Review: 12 Years a Slave


Director:Steve McQueen

Cast:Chiwetel Ejiofor, Michael Fassbender, Lupita Nyong'o, Sarah Paulson, Benedict Cumberbatch, Brad Pitt

Running Time:134.00


Now, this is a story all about how a free black man's life turned upside down. And I'd like to take a minute, just sit right there, I'll tell you if 12 Years a Slave should smell some Oscars in the air. Based on the memoir of the same name by Solomon Northup, it recounts his tragic kidnapping from a seemingly pleasant life in New York to a shady sale into slavery during the pre-Civil War era.

British director Steve McQueen (not to be confused with the late American action star) aims to give an unadulterated look at slavery in America while staying close to the first-hand account of Northup's experiences.  Movies with ultra-violent scenes (and this film has some) always cause some sort of uproar, and the debate of "Should the audience witness this?" will definitely be here. But hey, I'm not a historian, nor am I the movie morality and ethics police. It's up to you to buy the ticket.

Regardless, it's a well-crafted movie. If you've seen Hunger or Shame, the other works by McQueen, then you're well aware of his allure for long takes that intend to make life-like scenes. You'll either find it cinematically compelling or unnecessarily self-aware in cinematic pretension. What's inarguable: for a movie about a grimy subject matter, it's handsomely shot.

Without a doubt, this film is littered with outstanding performances from its cast. It may be the finest acting you'll see all year.  Chiwetel Ejiofor (Pronounced Chew-i-tell Edge-i-oh-for) has been getting massive critical acclaim for his portrayal as Northup. At first, his performance appeared overrated to me. I could clearly see the talent of this man's nuanced abilities on screen, but I didn't think I saw the best performance of the year. It's like he played it in an understated way"”to a fault! But it was a tone I now feel (after some thought) was right for his character, right for this film, and the fact that his acting doesn't draw the attention of "Hey, look at me! I'm acting!" speaks volumes on how effective Ejiofor really is.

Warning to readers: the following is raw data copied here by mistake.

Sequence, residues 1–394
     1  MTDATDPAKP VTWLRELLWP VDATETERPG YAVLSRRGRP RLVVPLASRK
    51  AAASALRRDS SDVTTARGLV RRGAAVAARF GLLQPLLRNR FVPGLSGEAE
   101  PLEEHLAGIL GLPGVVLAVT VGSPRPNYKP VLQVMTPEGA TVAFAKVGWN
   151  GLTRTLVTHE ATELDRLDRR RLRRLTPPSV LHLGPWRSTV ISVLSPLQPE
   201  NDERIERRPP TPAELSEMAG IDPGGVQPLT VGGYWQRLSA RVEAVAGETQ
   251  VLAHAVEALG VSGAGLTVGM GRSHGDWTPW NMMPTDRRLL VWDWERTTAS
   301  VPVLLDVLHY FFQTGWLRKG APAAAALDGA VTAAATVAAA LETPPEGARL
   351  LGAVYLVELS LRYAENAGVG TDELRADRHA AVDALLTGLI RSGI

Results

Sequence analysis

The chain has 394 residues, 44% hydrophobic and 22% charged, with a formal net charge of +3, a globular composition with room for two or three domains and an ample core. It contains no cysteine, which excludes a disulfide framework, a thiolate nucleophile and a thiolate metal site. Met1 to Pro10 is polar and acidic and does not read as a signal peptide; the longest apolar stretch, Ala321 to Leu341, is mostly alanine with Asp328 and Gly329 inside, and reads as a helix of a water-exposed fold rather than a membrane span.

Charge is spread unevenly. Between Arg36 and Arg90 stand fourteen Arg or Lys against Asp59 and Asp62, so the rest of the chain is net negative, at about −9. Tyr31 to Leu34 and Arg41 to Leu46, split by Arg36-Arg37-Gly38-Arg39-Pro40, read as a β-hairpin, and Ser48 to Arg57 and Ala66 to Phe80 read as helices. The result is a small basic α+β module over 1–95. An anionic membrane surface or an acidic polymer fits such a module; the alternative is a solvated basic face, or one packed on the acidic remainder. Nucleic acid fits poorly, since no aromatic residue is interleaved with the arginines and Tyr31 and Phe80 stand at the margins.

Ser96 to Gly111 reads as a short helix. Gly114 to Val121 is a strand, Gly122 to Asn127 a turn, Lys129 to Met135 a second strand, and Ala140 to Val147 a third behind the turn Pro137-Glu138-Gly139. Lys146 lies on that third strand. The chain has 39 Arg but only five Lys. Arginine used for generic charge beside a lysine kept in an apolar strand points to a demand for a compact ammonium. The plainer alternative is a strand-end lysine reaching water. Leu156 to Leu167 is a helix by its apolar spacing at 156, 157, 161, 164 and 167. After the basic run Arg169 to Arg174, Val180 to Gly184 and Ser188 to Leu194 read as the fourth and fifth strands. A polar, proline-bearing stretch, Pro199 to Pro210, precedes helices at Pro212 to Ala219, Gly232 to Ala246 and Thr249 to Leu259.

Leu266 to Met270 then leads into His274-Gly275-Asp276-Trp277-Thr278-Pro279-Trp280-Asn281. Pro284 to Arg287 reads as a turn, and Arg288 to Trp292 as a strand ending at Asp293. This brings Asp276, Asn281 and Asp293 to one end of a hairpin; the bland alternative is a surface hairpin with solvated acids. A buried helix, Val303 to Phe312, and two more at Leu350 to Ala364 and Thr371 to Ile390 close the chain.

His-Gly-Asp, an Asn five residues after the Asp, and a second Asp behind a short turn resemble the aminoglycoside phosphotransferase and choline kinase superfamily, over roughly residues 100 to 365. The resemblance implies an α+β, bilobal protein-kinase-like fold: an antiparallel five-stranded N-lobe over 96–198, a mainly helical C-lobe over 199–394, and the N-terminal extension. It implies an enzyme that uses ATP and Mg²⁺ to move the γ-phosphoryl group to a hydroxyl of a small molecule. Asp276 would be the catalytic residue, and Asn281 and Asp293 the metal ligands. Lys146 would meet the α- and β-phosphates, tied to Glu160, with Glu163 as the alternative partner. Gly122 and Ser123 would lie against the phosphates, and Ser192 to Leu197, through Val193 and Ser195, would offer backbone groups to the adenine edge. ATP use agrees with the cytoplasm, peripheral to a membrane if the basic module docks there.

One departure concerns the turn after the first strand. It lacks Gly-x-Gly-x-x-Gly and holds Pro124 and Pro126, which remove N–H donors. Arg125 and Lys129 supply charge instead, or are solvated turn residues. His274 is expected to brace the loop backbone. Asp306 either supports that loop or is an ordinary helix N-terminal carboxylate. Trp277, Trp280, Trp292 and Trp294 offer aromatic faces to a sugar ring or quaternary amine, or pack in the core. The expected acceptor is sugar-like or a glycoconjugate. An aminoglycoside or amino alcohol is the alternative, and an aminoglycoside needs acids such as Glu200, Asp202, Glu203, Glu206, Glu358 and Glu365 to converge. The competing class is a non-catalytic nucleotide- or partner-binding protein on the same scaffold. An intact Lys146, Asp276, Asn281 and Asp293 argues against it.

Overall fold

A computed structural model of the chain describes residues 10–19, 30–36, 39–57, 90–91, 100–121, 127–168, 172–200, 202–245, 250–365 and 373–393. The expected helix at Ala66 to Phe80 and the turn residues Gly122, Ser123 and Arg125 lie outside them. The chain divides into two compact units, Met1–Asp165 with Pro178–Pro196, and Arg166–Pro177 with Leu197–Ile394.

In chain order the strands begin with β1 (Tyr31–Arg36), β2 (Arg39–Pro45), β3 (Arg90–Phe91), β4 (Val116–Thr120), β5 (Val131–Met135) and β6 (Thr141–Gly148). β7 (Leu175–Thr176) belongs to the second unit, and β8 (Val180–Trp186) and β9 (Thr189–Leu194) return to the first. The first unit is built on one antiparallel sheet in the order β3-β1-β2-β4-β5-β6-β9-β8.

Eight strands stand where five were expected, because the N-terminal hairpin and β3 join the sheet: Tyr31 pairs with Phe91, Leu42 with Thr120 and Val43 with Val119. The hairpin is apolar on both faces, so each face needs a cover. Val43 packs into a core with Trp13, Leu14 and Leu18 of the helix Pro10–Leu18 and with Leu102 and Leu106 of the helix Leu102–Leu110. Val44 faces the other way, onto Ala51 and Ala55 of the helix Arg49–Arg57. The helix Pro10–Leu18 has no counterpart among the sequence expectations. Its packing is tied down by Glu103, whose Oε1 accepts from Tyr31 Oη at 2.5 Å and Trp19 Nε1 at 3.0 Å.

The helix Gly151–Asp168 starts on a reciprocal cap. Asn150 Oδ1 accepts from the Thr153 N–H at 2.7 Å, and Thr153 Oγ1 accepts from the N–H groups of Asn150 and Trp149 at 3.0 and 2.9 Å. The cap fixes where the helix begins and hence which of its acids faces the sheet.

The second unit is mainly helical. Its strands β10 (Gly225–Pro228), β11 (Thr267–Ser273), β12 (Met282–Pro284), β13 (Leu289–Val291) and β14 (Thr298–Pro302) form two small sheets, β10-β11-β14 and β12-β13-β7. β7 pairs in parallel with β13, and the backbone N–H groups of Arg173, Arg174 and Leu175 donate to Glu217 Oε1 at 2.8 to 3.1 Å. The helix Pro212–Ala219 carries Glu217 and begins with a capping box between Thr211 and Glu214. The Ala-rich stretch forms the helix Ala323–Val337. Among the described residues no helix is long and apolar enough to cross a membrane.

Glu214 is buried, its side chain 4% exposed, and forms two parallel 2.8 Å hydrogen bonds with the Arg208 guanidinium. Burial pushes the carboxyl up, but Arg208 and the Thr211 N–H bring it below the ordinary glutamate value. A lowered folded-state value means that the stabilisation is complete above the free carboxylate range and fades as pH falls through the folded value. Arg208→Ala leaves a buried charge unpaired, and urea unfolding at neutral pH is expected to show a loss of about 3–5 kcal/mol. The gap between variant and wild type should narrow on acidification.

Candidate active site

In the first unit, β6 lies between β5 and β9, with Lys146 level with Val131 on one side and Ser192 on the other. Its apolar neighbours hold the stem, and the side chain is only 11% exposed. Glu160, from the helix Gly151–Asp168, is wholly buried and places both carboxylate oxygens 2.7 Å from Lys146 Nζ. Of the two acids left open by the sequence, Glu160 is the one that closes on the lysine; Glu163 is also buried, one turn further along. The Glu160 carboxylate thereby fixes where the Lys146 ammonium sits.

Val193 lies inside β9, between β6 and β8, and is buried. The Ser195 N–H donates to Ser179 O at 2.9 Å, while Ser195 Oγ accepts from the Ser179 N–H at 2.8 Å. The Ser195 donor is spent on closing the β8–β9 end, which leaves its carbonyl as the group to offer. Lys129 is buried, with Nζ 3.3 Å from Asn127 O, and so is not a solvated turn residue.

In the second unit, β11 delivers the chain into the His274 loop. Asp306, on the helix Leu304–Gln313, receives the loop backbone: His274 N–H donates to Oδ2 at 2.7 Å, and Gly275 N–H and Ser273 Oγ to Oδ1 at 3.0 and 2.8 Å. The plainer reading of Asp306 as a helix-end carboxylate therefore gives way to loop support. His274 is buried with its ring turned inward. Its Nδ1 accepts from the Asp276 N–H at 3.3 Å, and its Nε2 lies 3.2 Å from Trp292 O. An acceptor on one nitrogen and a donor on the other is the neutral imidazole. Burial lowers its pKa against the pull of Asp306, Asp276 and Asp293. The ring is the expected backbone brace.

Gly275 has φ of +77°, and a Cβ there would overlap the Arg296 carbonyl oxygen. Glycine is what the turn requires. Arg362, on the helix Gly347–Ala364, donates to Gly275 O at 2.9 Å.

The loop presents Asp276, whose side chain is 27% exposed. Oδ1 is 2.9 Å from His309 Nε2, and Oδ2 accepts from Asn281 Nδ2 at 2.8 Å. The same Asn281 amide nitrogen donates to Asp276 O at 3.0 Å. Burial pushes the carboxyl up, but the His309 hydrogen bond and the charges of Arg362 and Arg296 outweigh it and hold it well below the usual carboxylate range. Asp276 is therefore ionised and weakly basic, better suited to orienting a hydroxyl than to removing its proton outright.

Michael Fassbender will continue to turn heads with his performance as a wayward slave owner. I expect Ejiofor and Fassbender to lock up Best Actor and Best Supporting Actor nominations, and I believe they have the stuff to win it all. Also, be on the lookout for Lupita Nyong'o. Her work as Patsey, the vulnerable slave mistress, may become a career breakthrough.

I don't have many issues with this film. There are a couple of scenes where the dialogue seems overly speechified, and Brad Pitt's unintentional but poor JFK-like accent is distracting. Yet this tale will make many folks weep, but it didn't make me. Solomon Northup wants home, but I don't believe the story relishes those moments the way it relishes his immersion of life as a slave. When I walked out of this movie, I smelled the stench of potential Oscar glory. But this may be the film that'll have 10-plus nominations and come away with no wins, but when we look back years later, it may be seen as one of the preeminent cinematic pieces from this decade.


About Joe Kotisso


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